NAIROBI, Dec. 3 (Xinhua) -- Kenya's rising burden of non-communicable diseases like cancers, diabetes and cardiovascular ailments is partly being fueled by climate change, a scientist said at a forum in Nairobi on Tuesday.
Gerald Yonga, chair of Non-Communicable Diseases Alliance, East African chapter said that extreme weather events coupled with physical inactivity and poor dietary habits, are to blame for a spike in lifestyle diseases in Kenya.
"Climate change and environmental pollution are to blame for an increase in non-communicable diseases in Kenya as revealed by a series of evidence-based research," said Yonga.
He made the remarks during the inaugural health, environment and climate change conference underway in Nairobi and attended by policymakers and researchers to discuss health impacts of a rapidly warming planet on Kenyan communities.
According to Yonga, a combination of behavioral and environmental factors account for nearly 80 percent of non-communicable diseases in Kenya and neighboring countries.
"Some of the negative impacts of climate change like acute droughts or freezing temperatures can be attributed to a rise in neurological disorders, high blood pressure and upper respiratory infections that include asthma," said Yonga.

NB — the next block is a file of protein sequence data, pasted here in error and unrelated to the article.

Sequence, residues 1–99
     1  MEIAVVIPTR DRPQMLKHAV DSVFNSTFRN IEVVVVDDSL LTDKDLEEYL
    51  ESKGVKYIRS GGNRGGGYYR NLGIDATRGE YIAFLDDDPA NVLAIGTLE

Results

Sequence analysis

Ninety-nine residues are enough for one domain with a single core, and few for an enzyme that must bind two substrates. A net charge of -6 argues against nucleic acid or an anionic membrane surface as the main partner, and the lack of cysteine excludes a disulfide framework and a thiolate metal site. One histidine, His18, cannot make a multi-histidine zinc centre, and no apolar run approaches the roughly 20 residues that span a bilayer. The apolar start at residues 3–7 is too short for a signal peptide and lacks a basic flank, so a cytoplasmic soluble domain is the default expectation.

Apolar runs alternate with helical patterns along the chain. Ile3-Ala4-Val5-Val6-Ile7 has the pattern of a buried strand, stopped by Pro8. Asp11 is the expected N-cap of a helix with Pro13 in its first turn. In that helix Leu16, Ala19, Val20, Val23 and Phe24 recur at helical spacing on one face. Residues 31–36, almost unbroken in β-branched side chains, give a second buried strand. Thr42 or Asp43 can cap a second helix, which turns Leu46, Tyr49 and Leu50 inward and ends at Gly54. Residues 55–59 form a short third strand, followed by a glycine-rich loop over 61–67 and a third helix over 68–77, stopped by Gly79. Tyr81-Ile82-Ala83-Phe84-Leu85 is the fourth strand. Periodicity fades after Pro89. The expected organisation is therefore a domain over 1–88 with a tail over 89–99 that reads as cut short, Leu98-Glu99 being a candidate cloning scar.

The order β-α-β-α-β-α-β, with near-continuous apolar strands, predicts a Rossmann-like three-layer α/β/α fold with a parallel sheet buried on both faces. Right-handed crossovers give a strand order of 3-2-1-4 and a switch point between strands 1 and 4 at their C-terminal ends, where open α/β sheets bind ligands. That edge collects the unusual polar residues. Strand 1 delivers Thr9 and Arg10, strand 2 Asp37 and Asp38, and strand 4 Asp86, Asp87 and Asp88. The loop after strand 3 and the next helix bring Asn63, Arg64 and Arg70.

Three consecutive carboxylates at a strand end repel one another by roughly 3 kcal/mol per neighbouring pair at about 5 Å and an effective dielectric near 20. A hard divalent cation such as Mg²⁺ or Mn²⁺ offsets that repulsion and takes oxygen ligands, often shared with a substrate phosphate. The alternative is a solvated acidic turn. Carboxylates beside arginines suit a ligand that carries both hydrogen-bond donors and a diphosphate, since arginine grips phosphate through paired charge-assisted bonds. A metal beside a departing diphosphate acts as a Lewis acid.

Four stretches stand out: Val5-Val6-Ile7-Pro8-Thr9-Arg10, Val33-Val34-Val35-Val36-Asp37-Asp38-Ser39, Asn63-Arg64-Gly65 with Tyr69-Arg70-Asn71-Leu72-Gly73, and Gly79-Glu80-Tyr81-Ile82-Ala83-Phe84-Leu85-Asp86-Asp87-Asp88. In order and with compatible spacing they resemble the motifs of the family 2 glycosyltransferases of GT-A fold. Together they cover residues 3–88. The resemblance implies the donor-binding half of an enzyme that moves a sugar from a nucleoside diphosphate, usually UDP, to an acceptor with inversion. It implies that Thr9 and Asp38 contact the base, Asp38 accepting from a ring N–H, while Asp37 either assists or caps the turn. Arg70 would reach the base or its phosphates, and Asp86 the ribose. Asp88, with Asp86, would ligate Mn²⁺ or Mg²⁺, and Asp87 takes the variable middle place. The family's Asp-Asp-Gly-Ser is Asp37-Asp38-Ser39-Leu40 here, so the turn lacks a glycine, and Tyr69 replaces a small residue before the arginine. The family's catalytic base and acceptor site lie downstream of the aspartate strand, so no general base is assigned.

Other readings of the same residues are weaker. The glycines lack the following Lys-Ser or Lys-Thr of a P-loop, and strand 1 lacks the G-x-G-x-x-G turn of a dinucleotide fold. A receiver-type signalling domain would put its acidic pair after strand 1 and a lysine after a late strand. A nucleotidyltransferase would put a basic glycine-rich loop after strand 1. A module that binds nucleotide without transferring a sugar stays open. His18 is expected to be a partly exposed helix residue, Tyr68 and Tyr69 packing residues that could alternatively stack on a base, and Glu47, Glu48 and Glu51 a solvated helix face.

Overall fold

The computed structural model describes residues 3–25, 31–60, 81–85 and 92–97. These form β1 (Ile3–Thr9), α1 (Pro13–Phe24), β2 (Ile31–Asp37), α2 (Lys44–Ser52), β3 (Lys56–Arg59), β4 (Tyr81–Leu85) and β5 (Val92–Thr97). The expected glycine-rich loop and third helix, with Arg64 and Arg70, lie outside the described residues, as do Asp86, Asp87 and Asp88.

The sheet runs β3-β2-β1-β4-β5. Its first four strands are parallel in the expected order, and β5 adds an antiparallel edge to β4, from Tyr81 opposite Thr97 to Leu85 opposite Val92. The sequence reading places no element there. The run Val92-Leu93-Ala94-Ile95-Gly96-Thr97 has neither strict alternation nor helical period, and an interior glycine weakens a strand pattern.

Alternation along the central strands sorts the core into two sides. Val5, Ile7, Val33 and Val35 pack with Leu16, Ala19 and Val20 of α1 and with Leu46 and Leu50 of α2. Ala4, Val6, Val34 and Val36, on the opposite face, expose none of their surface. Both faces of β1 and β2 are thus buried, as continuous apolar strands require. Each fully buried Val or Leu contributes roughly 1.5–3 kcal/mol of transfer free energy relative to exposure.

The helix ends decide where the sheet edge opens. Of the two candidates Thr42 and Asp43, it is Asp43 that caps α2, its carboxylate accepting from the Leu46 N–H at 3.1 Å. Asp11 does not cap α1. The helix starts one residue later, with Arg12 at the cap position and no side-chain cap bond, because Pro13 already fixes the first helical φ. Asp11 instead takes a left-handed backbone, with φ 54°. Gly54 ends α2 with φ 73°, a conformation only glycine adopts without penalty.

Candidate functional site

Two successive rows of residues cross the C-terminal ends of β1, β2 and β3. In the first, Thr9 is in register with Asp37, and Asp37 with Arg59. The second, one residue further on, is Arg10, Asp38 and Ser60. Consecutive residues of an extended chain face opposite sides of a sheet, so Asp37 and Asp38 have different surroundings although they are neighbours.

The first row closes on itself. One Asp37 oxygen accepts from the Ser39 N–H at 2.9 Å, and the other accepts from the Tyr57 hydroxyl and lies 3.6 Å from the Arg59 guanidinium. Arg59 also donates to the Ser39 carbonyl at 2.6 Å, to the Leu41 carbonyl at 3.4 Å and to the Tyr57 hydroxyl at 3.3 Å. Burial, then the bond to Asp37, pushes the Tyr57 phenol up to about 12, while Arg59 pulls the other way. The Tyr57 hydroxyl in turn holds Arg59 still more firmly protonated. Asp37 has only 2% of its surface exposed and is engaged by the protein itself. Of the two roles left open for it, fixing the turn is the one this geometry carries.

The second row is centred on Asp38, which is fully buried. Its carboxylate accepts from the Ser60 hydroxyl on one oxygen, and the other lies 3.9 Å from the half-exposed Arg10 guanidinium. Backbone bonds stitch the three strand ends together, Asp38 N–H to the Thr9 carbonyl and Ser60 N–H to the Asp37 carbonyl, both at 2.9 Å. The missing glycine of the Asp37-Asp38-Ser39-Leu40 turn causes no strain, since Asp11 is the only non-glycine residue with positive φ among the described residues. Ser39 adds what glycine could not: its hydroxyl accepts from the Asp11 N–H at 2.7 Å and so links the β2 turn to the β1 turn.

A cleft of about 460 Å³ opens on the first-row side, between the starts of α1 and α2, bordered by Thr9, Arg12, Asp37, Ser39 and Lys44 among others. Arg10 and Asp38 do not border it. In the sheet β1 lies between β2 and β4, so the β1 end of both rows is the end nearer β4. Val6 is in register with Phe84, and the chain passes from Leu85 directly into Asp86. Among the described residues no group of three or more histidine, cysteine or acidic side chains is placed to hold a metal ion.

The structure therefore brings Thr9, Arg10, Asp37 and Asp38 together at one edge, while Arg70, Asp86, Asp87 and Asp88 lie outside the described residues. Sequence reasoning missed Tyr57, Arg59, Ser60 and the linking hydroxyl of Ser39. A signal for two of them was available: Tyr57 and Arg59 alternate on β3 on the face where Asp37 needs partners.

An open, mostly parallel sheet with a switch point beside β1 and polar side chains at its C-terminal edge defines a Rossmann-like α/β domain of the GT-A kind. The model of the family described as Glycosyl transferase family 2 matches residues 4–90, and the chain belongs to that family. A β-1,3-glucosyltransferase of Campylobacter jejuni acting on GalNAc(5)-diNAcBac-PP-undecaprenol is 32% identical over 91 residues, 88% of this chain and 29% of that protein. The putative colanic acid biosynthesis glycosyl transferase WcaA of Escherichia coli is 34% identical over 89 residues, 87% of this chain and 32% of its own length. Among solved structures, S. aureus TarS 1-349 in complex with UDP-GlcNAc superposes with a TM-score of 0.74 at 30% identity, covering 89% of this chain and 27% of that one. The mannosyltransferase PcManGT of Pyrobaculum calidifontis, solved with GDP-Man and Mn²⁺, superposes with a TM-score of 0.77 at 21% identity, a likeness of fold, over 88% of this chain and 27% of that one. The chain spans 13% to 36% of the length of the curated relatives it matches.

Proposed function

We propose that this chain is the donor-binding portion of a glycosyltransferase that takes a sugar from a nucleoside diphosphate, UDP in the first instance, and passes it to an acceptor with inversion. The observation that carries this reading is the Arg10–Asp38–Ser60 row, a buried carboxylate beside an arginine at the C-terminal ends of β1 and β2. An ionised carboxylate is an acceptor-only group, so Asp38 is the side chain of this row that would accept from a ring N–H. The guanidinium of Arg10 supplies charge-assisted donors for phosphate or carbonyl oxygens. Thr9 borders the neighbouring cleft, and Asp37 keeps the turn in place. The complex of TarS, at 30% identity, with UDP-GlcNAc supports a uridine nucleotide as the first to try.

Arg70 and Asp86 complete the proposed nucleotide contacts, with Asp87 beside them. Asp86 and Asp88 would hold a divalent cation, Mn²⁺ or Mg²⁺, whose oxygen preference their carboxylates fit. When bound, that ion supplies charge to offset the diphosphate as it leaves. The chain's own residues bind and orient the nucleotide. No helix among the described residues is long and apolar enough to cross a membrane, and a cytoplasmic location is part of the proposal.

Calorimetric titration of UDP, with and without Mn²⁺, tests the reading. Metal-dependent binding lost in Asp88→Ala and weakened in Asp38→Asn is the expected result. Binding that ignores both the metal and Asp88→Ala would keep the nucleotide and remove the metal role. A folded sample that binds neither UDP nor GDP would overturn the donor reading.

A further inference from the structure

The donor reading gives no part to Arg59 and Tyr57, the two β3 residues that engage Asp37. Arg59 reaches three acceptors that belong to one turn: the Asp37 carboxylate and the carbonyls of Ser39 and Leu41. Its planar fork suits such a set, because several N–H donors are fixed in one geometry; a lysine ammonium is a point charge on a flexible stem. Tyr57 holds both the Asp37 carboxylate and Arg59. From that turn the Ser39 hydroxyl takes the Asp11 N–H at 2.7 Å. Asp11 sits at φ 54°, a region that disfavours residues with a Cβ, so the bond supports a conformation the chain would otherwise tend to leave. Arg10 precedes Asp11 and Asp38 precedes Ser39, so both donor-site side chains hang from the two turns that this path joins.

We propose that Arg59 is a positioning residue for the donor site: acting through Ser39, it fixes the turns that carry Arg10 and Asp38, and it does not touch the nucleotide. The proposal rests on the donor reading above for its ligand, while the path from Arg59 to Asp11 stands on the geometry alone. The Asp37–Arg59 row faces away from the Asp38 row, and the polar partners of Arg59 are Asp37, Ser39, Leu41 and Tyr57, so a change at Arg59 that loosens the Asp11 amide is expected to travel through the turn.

He said that uncontrolled emission of greenhouse gases like black carbon and methane could expose low income urban and rural populations to lung cancers.
Yonga said that negative consequences of rapid urbanization that include physical inactivity and higher consumption of processed food has increased the vulnerability of a younger population to cancer and diabetes.
"The urban infrastructure, in particular, has not been friendly to physical activity that includes cycling and jogging hence exposing an otherwise youthful population to premature deaths linked to diabetes or cardiovascular diseases," said Yonga.
He said that industrial pollution and lethargic management of waste in urban centers are closely linked to the surge in non-communicable diseases in Kenya.
Yonga said that investments in clean energy and campaigns to promote organic diets and physical exercises are key to reduce the burden of lifestyle diseases in the East Africa's largest economy.